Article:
"Every one of these kids has a desire to thrive," Ashlee said. "We have to figure out how to break down their walls to help them do that. When they are being challenging or defiant, you have to remember what they've been through. They are human beings and regardless of the trauma or bad experiences that brought them here, they feel love, compassion, and empathy for others. It's our job, along with the other professionals here, to bring those characteristics forth."
Ashlee and her husband have two children, ages two and four. They live in Center, ND, where they have chickens and horses. In her spare time, Ashlee likes to work out, cook, read, and spend time with her family and friends.
Samantha Jahner, RN
Samantha Jahner has been drawn to nursing since fourth grade. Her deep well of caring and a desire to help others made it a perfect career choice. But she didn't expect the overall sadness, the heartache, that comes with being a nurse.
"My first job was taking care of kids with cancer. We talked at nursing school about death and dying, but you don't think of that for kids. And then I came to the Ranch. It's heartbreaking to see what these kids have been through—abuse, trauma, drugs, alcohol, abandonment. You don't realize it's a real thing until you see it firsthand."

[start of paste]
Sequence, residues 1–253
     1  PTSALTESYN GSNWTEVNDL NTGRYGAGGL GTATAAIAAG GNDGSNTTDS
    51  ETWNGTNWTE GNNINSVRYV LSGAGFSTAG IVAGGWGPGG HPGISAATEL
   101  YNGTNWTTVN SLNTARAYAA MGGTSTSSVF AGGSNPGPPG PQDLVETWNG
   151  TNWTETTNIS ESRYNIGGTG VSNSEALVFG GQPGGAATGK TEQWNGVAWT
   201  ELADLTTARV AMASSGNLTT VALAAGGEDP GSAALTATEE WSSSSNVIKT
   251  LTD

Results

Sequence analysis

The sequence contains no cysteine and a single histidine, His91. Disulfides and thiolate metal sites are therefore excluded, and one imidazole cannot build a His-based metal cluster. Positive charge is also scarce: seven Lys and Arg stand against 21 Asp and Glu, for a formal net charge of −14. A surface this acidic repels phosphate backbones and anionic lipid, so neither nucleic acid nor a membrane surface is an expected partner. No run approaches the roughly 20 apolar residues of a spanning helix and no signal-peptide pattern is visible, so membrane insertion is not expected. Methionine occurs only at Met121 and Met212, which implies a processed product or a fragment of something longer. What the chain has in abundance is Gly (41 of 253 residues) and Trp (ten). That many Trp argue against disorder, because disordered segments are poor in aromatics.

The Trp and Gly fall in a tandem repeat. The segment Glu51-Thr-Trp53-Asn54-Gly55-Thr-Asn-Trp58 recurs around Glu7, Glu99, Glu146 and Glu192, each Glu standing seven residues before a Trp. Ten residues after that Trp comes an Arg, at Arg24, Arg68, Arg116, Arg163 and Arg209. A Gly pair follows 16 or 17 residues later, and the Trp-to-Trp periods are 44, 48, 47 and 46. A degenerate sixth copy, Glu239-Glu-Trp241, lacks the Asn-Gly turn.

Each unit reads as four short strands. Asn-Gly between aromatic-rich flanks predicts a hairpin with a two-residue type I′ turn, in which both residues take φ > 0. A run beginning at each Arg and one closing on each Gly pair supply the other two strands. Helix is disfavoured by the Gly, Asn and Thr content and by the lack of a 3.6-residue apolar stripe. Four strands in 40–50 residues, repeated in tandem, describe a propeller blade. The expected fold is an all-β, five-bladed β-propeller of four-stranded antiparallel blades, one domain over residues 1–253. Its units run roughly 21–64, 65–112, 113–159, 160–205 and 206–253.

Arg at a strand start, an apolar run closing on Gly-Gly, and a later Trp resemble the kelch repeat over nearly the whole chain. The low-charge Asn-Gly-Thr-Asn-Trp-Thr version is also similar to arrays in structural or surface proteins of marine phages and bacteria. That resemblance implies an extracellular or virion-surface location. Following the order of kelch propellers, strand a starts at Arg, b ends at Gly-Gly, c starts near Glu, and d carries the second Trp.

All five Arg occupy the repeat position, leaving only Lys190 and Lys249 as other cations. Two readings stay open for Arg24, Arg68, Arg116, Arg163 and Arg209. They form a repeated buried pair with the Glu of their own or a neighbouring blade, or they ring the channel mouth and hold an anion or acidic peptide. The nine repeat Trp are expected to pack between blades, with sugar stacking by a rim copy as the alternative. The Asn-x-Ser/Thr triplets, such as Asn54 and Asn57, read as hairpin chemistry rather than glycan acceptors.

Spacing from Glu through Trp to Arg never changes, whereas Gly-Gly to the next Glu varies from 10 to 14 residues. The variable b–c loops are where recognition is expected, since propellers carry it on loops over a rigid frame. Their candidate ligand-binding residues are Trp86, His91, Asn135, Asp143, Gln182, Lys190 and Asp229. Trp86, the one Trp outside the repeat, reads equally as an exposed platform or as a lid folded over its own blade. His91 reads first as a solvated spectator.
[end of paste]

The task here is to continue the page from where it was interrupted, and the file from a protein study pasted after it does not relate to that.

Fortunately for Sam, knowing she is making a difference outweighs the heartache.
"I feel appreciated," she said. "I matter here. There's nothing like hearing the kids say, 'Where's Sam?' 'Does Sam work today?' or having them reach out to me because they want to talk. Just yesterday a former resident called. He wanted to talk to all of us just to let us know he was doing well. Those are wonderful things."
Day to day, Sam said Ranch nurses do a variety of things. They make appointments to keep kids up to date on their medical, dental, and eye appointments, care for them when they complain of a stomachache or headache, and monthly, create the Medication Administration Records (MARS) for each child. The MARS lists a child's medications along with the dosage of each, the time it's to be administered, and the reason they are taking it. Nurses are also available to answer the children's many questions.